House Speaker John Boehner has announced he'll resign at the end of October. How does his departure change the risk that the government will shut down?
The resignation of House Speaker John Boehner seems to have lessened the likelihood of a government shutdown, according to many published reports.
In past budget battles, Boehner has relied on support from Democrats to get funding bills approved when the conservative wing of his party failed to support his efforts. He’ll likely need the Dems again this time, but unlike past fights, his hold on the speakership would not have survived.
Rather than risk that embarrassment, Boehner has said he’ll resign at the end of October, giving him enough time to craft a fiscal 2016 funding bill that can pass the House.
Apparently the opposition to funding Planned Parenthood was a hurdle Boehner couldn’t clear. The conservative wing of the Republican Party, known as the Freedom Caucus, had stood by their conviction that they could not support a spending bill that didn’t defund Planned Parenthood.
Boehner failed to convince enough of his members to pass a clean appropriations package and then cut Planned Parenthood during the budget reconciliation process, an approach the Senate is following.
In a statement, Boehner said that he had planned to step down last year, but stayed to provide continuity after heir apparent Rep. Eric Cantor lost his re-election bid when he failed to win the GOP primary for his seat.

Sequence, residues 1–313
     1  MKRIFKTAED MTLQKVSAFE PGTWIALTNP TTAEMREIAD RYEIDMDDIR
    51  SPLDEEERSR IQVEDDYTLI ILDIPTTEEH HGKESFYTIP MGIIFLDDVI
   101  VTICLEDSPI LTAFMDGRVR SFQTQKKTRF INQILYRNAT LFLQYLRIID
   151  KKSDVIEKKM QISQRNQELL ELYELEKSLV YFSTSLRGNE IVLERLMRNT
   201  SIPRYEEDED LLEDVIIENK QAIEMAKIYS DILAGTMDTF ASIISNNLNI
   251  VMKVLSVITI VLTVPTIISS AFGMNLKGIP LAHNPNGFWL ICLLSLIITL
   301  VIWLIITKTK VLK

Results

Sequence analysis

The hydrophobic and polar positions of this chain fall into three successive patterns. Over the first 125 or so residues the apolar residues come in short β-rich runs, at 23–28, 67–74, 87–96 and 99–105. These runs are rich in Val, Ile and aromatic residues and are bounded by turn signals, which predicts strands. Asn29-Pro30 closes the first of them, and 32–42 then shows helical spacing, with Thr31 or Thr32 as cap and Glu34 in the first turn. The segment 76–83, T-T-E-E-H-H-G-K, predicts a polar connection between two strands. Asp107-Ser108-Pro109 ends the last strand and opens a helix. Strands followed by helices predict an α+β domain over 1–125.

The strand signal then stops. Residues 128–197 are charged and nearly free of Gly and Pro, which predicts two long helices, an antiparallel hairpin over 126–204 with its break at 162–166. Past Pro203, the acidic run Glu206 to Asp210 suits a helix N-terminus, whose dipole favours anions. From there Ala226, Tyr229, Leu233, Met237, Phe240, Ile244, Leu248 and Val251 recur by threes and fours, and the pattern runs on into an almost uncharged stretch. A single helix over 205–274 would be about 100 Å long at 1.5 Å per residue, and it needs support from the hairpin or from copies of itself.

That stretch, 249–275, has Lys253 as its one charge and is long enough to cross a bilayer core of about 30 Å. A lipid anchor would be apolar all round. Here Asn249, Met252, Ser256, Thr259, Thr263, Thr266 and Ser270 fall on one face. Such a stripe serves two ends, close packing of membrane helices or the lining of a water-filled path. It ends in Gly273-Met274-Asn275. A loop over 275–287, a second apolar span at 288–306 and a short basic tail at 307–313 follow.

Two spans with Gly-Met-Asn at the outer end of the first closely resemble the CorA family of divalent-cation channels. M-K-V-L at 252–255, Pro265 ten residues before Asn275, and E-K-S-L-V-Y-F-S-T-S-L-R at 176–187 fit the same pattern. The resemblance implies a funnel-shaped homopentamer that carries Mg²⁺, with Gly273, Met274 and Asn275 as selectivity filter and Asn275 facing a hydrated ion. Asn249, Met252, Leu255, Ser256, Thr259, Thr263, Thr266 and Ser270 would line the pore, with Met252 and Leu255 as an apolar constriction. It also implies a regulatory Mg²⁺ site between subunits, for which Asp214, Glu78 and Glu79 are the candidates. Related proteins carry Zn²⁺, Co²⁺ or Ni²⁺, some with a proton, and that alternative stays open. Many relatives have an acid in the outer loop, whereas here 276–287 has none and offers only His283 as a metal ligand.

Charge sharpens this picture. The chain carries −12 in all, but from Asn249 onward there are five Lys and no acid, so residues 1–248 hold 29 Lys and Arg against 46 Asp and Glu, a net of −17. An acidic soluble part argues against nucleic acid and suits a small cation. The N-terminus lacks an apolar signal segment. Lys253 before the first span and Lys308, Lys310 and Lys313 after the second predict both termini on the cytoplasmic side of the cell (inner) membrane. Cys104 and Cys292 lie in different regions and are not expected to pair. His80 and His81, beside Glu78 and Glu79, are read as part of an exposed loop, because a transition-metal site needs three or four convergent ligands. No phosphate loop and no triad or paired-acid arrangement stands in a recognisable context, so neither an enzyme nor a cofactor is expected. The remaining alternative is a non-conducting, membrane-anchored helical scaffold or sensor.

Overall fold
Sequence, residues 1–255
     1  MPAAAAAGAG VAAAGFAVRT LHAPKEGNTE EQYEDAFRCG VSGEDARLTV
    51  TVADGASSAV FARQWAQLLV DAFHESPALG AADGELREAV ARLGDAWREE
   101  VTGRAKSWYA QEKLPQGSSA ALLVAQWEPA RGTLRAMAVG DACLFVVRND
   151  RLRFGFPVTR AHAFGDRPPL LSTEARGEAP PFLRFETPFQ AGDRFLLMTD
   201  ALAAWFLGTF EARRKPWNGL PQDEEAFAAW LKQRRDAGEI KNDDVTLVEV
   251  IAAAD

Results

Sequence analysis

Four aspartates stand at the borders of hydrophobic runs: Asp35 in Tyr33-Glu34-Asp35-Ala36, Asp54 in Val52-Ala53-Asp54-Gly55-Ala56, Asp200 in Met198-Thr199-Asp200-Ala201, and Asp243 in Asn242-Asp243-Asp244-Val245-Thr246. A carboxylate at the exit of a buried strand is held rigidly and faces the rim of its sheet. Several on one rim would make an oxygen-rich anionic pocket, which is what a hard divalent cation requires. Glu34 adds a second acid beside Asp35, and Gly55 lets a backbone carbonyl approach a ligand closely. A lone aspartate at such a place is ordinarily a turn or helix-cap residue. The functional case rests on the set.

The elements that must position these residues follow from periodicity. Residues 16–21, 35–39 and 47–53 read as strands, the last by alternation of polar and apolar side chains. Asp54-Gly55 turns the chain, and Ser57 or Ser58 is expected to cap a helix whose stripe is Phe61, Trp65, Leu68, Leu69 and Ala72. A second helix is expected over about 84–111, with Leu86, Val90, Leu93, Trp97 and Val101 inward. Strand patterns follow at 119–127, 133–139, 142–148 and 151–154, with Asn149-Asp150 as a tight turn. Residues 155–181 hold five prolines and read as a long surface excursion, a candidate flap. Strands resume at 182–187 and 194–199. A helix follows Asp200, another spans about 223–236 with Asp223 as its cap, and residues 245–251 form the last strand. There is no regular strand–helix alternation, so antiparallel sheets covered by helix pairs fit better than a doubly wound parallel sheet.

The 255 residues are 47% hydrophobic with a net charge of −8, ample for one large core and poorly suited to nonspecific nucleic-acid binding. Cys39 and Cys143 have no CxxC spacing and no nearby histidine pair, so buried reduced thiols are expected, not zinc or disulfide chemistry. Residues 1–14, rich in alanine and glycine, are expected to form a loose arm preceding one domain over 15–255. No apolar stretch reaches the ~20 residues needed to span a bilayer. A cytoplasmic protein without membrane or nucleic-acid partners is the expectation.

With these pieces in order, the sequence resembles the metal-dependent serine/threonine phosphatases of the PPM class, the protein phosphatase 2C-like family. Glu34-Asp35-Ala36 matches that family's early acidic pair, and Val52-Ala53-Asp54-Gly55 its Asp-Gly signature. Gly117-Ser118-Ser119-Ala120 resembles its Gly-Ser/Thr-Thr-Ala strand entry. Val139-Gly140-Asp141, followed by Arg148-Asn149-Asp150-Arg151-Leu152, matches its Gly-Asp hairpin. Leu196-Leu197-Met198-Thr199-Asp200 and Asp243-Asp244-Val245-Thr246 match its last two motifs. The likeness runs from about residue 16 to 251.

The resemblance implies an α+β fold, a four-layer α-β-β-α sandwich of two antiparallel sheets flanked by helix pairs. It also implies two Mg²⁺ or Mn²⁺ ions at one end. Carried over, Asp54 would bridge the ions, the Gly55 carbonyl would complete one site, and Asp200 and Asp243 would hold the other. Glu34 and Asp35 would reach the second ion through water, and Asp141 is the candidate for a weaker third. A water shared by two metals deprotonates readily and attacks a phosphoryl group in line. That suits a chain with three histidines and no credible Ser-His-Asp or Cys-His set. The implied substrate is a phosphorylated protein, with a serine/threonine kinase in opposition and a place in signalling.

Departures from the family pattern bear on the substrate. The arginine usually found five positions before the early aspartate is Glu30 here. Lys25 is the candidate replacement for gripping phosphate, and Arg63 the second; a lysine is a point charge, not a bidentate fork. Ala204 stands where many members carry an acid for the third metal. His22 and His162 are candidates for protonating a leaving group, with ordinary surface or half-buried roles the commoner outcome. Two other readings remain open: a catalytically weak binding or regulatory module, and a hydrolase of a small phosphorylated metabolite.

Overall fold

“The first job of any speaker is to protect this institution … It is my view, however, that prolonged leadership turmoil would do irreparable damage to the institution,” he said in his statement.
His resignation led several of the members of the House Freedom Caucus to say they will now support a temporary spending bill without demands to defund Planned Parenthood.
The top contender to replace Boehner is Rep. Kevin McCarthy, R-Calif.
So, for at least the next month or so, we should be safe from the threat of a shutdown, but even the Senate’s budget plan only funds the government through Dec. 11, so we’ll likely be back at the brink then.
Here’s a rundown of some stories worth looking at to gain a better understanding of what Boehner’s resignation might mean:
House Speaker John Boehner to resign at end of October – Washington Post
The Resignation of John Boehner – the Atlantic
Why John Boehner quitting may avert government shutdown – MarketWatch
The chances of a shutdown just plummeted – BusinessInsider
And one slightly contrarian view:
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